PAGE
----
I purchase and read a lot of bee books. You only need one good idea from each to pay dividends. For example, quite often new queens are either killed or are superseded within a month of introduction perhaps being injured, like the bees chewing off their foot pads. Thanks to the book Honey Farming by R. O. B. Manley (who developed the Manley honey frame), I now requeen using a push-in cage and leave it for a week to make sure the new queen is laying before releasing her into the full colony.
I prefer to set up new queens in nucleus hives because they have a better acceptance rate, as there are no older bees in a nuc who will challenge the new queen. When the queen has matured and is laying at the same rate as an old queen, they can be swapped between hives just by putting the new queen down on the frame where the old queen was removed from a minute or so before. If the pheromone levels are the same, she will carry on searching for cells to lay in as if nothing had happened. If, however, some bees immediately climb on her and try to sting her, shake the bees from an emerging frame of bees and put the new queen under the push-in cage so the emerging bees will look after her. The queen will lay in the now-empty cells.
Once she has laid for a few days (or during the next round of inspections), remove the cage to release her into the full hive. Reducing the amount of brood available to mites makes their control easier.
Winter down hives. Check feed and the effectiveness of mite treatments. Make sure top-bar hives have 10 frames with honey in them.
Carry out an AFB check. Slope bottom boards to the front so rain runs out of the hive. Fit mouse guards or reduce entrances to 400 mm x 7 mm. Replace rotten or damaged supers and bottom boards. Attend to fences, check for wasps and control grass.
During extraction, go through the honey supers and reject any old, dark frames you cannot see light through. Store frames with foundation or light frames on the outside with darker ones towards the middle. Freeze stored supers to kill wax moth eggs and larvae or store in a shed that is open, well lit and provides a good airflow through the supers. (Fit queen excluders top and bottom to prevent mouse damage.)
Those in the North Island (and perhaps top of the South) will have to watch more closely for wax moth infestation. Those in the southern parts of the South Island can smile, as they do not have wax moth problems.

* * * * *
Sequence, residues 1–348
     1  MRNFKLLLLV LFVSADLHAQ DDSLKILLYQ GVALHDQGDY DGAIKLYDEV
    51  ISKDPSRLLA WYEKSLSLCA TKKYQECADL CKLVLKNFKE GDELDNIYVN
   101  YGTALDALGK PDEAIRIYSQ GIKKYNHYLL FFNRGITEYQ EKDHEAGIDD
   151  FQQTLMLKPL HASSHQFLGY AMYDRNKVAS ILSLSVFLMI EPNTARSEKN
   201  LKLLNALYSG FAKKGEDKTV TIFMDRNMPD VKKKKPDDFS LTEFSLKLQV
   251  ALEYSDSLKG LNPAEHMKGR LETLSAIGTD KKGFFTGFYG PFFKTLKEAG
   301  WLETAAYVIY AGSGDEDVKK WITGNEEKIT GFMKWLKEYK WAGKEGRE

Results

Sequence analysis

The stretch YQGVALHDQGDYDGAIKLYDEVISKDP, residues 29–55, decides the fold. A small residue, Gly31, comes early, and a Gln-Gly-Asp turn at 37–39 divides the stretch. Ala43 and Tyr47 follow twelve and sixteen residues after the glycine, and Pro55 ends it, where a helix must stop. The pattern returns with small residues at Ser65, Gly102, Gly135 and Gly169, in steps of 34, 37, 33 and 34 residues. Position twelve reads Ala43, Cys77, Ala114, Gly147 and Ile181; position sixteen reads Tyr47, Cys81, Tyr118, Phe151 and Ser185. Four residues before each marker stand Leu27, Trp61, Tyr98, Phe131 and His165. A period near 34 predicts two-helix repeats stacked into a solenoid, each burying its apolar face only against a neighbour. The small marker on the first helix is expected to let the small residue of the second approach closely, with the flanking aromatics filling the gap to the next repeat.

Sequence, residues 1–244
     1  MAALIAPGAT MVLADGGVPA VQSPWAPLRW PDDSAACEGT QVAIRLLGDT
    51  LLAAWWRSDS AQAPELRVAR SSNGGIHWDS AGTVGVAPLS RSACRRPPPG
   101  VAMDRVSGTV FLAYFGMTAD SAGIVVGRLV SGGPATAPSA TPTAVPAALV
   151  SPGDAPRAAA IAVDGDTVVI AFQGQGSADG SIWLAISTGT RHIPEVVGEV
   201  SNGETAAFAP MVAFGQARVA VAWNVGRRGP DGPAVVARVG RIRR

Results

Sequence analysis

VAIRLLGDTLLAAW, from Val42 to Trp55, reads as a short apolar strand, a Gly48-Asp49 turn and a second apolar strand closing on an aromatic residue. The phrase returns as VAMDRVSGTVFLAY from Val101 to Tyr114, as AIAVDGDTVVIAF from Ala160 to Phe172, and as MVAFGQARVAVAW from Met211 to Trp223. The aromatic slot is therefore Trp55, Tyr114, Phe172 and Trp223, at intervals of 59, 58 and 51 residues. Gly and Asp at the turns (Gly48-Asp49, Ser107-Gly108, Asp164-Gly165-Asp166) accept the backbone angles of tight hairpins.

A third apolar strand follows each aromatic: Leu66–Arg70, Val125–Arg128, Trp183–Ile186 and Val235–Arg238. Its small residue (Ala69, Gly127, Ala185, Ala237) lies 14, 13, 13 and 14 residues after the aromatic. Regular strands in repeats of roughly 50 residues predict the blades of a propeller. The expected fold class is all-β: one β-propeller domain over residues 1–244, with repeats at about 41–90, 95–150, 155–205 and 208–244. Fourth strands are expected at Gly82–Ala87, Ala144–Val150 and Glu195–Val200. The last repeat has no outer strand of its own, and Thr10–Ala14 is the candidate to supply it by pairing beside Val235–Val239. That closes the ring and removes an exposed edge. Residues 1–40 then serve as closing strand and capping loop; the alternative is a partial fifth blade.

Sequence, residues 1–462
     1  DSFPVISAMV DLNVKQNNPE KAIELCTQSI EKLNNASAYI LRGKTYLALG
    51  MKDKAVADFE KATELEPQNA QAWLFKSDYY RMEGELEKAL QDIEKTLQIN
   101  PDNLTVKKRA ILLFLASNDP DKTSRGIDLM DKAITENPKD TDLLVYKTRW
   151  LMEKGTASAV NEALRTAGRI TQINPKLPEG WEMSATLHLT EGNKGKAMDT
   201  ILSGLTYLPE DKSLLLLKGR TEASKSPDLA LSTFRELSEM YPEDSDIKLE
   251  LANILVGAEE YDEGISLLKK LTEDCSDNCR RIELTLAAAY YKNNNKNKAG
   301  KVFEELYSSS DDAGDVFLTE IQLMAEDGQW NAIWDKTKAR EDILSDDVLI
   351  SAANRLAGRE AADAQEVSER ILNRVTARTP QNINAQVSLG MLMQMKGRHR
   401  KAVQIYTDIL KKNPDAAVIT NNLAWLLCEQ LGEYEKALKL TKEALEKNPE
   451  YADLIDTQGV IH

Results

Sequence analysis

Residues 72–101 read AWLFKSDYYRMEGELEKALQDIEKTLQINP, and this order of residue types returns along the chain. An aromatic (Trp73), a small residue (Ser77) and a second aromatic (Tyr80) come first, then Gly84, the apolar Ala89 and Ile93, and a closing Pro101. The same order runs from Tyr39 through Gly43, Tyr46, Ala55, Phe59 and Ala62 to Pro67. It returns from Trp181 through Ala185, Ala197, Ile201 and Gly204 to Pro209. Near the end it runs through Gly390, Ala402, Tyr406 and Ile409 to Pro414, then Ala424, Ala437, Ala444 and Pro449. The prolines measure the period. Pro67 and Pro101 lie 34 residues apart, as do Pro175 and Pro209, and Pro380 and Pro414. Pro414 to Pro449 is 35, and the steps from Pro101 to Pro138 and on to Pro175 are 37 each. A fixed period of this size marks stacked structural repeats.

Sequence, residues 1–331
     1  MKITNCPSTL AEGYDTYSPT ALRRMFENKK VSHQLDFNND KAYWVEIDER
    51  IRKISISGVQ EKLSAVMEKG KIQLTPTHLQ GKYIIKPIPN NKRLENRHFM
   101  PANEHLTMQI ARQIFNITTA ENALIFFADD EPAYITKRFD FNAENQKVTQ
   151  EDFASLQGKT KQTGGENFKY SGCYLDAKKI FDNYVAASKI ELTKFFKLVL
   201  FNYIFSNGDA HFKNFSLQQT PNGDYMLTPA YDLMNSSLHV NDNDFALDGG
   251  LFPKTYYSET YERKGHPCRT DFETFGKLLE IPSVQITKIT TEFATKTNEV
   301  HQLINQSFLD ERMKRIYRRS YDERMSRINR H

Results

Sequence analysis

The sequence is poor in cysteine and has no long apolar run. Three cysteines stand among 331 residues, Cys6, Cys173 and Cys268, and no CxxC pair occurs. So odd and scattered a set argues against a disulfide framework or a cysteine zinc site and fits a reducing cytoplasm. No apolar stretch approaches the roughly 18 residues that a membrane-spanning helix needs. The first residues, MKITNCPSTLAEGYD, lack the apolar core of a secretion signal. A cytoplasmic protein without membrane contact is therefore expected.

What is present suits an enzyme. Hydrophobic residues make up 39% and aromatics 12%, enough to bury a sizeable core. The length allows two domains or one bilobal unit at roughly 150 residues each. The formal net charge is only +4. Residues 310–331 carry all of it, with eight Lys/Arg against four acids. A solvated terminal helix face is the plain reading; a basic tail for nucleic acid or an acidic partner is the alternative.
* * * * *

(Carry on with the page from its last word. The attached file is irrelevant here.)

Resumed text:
Drought means possible tutin problems. If you have tutu bushes within five kilometres and high passion vine hopper (Scolypopa australis) numbers, test your honey, as their numbers are high this year. Any honey sold or bartered has to be tested for tutin. Clubs can have their members’ samples composite tested to save money. Send the results to MPI.
Lindsay, F. (2015, March). Droughts and pests. The New Zealand BeeKeeper, (23)2, 27–30.
Manley, R. O. B. (1946). Honey Farming. Faber & Faber Ltd.
In my report on the Eastern Apicultural Society Conference in the USA (see March 2015 journal, page 15), I left an important step out of the explanation in making up nucs.
• The hives are generally two high in the spring, with a queen excluder restricting the brood to the bottom super. Go through the hive and find two frames of emerging brood, one or two frames of honey and one of pollen. Take a quick look for the queen on the frames so that she can be moved if found before shaking all the bees off these frames and putting them in a new super above a queen excluder. Replace the missing frames with drawn frames after centring the brood into the middle of the bottom super.
• Leave for three to four hours (depending upon temperature) to allow the attendant bees to move back up on to the brood frames. Then split the hive, moving the lower half with the queen to a new hive site. Add a protected queen cell to the new nuc. The field bees will return to the old hive location and strengthen the nuc. I trust this now makes sense. Thanks to the beekeeper who phoned to alert me to my omission in the March journal.